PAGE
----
5 Metrics to Measure the Success of Your Android Application
Did you know that there's more to measuring your app’s success than simply observing the increase in downloads? Through vanity metrics like downloads, you won’t know how much users are engaging in your Android application or performing actions you want them to.
There is a range of data that you need in order to analyze and boost your Android app’s performance. These data will form the foundation of your app updates and marketing strategies.
According to a recent research, nearly 25% of applications downloaded are never used more than once. The statistics was only 22% two years ago. Developing a highly engaged user experience is becoming increasingly important as brands look to meet users' expectations. Tracking Android app’s engagement metrics and using them to inform actionable solutions are crucial.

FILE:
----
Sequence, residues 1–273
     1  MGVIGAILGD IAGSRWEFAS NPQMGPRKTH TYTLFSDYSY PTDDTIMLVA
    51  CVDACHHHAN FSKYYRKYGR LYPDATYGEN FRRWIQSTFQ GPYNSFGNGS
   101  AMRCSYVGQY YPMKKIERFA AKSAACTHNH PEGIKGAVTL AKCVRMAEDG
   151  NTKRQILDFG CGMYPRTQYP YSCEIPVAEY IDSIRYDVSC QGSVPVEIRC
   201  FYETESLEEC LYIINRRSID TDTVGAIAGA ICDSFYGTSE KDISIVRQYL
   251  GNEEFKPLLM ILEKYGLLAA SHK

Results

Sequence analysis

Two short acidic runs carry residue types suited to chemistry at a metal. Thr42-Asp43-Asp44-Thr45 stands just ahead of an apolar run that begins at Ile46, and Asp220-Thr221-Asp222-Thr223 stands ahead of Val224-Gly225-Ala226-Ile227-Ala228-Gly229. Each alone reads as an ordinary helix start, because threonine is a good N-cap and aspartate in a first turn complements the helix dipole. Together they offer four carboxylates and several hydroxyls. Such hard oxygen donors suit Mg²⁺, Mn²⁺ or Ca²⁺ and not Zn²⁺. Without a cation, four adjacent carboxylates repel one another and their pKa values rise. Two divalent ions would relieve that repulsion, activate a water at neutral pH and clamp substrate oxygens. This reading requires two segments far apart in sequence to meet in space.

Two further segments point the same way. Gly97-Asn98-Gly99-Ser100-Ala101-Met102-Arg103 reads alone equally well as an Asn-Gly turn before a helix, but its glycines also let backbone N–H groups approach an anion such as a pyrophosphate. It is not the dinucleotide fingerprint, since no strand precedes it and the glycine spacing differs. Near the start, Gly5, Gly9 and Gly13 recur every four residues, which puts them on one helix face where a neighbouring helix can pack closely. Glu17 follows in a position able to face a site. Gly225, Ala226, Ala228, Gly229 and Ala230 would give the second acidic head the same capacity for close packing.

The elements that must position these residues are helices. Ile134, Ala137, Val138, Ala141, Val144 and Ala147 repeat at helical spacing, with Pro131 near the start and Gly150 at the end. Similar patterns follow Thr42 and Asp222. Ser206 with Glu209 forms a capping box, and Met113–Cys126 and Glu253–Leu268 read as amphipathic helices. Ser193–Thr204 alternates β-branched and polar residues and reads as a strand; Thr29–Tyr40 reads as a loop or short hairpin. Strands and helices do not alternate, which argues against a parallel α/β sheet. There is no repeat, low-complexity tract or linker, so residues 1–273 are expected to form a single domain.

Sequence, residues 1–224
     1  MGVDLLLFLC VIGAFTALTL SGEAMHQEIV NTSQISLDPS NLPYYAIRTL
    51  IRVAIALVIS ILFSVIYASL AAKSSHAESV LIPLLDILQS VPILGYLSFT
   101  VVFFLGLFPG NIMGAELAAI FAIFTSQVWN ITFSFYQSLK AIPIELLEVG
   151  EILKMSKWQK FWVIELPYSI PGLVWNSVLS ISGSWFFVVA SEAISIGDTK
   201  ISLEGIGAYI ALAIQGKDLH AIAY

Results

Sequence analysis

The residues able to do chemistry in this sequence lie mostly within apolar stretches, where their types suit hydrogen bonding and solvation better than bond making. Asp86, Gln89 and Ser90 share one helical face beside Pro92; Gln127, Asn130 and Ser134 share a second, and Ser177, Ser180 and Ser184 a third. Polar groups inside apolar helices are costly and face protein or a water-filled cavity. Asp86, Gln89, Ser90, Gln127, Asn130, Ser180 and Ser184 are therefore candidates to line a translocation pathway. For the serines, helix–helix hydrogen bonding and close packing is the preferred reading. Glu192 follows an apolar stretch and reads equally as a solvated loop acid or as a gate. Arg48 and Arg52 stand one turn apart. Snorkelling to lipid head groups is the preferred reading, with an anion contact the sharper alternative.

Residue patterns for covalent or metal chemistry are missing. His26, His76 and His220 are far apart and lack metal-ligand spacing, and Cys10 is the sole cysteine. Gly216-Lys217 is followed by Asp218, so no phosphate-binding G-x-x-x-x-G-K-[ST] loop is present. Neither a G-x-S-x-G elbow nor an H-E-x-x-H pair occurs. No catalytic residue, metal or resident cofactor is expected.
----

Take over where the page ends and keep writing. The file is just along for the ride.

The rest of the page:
We will talk about some helpful metrics that adequately measure the success of your Android application:
User & Usage Metrics
User metrics is important to consider as it shows how large your user base is and illustrate what kind of users your application appeals to like segmented by demographic, geo or device. For a wonderful user experience, developers can also make use of the information to optimize and localize their app.
- Daily Active Users (DAU): This metric shows you the total number of users that visit your application on a daily basis.
- Monthly Active Users (MAU): Similar to DAU, this metrics shows the total number of users who visit your app monthly. Furthermore, it provides you information of the app’s popularity (increasing, stagnant, or decreasing).